They had heart disease, diabetes, obesity and cancer, but they never talked about their health issues. The memories continued to haunt her, and she decided she did not want to suffer in the same way. Leonica respected that her family was strong and independent, however, she wished her family could have talked about their health problems to help her and others from her generation lead better lives.

For example, Leonica had no idea about the connection between craving sugar and eating simple carbs. She didn’t realize that eating things like white bread, white rice and potatoes would make her feel tired.

Things to know (and remember)

By educating herself, Leonica learned how eating more complex carbs like sweet potatoes and brown rice, and having a protein and vegetable for dinner would help her lose weight—without giving up her favorite foods. She continued making diet changes to reverse early diabetes and became more active in her everyday life.

As a result of her changes, Leonica became an example for her children, nieces and nephews. She also became the voice to get others talking about how to change their lives for the better. By passing on this knowledge to her extended family, Leonica hopes to stop the cycle of the diseases that have plagued her family for years.

Here are a few key points to remember:

  • See your doctor—If your family members have heart disease, diabetes or obesity, it doesn’t mean you will have the same fate. However, you are more likely to suffer from these issues, so see your doctor, get tested early for diabetes, and learn how you can avoid the same health problems.
  • Talk with your family about their health—Ask your parents, aunts, uncles, grandparents and siblings about their health. Learn from them what you should and shouldn’t do to be healthy. Women who cope best ask for help and get educated so they can develop a goal and a plan. It’s OK to talk about bad moods, depression and anxiety; sharing can help others and take away the fear associated with these issues.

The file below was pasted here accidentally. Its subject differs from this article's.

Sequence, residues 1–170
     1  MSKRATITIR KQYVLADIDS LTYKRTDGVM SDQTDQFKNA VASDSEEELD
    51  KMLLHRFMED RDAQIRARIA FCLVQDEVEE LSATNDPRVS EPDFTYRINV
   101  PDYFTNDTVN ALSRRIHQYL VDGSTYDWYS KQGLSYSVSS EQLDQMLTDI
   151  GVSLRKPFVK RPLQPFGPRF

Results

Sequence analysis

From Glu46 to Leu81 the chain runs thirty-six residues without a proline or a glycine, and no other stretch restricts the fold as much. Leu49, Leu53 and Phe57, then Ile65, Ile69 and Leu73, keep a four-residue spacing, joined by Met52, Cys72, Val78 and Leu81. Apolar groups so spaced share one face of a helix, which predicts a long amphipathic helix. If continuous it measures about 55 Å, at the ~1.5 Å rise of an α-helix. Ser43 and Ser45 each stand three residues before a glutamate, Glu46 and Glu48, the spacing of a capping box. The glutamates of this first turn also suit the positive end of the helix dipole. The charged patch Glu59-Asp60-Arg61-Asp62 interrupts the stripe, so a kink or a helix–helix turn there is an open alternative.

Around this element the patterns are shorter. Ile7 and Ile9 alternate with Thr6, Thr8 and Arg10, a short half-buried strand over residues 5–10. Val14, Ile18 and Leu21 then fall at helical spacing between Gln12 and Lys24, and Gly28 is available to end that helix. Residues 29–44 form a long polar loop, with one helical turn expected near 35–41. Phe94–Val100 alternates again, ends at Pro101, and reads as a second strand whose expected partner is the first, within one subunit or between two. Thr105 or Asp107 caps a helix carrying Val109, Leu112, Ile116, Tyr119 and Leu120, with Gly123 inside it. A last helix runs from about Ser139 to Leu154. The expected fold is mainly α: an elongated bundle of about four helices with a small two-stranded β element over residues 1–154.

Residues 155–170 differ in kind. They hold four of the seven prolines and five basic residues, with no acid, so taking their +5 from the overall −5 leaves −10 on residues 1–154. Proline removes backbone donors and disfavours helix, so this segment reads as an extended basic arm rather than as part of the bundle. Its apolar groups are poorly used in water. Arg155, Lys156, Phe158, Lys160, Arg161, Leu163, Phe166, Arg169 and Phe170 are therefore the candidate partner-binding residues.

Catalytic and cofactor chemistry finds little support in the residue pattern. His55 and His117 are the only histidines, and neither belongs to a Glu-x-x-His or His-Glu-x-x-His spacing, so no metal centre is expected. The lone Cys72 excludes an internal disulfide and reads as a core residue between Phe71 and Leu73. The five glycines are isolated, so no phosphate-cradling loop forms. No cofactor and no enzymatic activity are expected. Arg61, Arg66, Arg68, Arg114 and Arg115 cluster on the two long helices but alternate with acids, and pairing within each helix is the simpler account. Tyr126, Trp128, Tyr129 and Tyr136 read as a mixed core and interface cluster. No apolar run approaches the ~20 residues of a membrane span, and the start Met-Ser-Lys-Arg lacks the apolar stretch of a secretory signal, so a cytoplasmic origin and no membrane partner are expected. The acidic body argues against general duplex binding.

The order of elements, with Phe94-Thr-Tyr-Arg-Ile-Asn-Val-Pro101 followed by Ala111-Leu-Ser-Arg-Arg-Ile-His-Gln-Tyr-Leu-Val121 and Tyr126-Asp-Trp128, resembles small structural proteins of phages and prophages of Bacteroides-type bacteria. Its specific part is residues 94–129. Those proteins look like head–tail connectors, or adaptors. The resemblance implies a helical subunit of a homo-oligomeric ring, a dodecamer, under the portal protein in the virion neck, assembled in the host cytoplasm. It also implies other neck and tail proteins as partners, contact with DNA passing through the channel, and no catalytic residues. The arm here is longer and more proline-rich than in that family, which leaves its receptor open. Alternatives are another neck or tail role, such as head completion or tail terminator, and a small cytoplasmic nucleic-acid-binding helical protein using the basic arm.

• Know your numbers—Find out your waist size, blood sugar (A1C) level, cholesterol levels and blood pressure. It can be scary to know you have pre-diabetes, but knowing gives you power and can be motivating to get a plan in place—before it’s too late.
  • Know how close you are to menopause—Being healthy gets harder after menopause, so you want to know how close you are to being there. As estrogen hormone levels fall, the body craves sugar and stores it in belly fat. And belly fat raises insulin and insulin factors, which increase the risk of breast cancer. Everything is tied together.
  • Cut back on the simple carbs—These are the same as sugar, and, if you want to avoid diabetes and heart disease, you need to have only one simple carb serving per day. Examples of simple carb foods include white bread, white potatoes, white rice, white flour tortillas, sweet treats and alcohol. Remember—only one per day.
  • Eat a good breakfast—Include a complex carbohydrate (whole wheat bread, cooked oatmeal, whole wheat bagel), a protein (eggs, low-fat cheese, turkey bacon), and a healthy fat (olive oil, avocado, nuts). Eating a healthy breakfast will keep your blood sugars stable and curb your cravings all day long.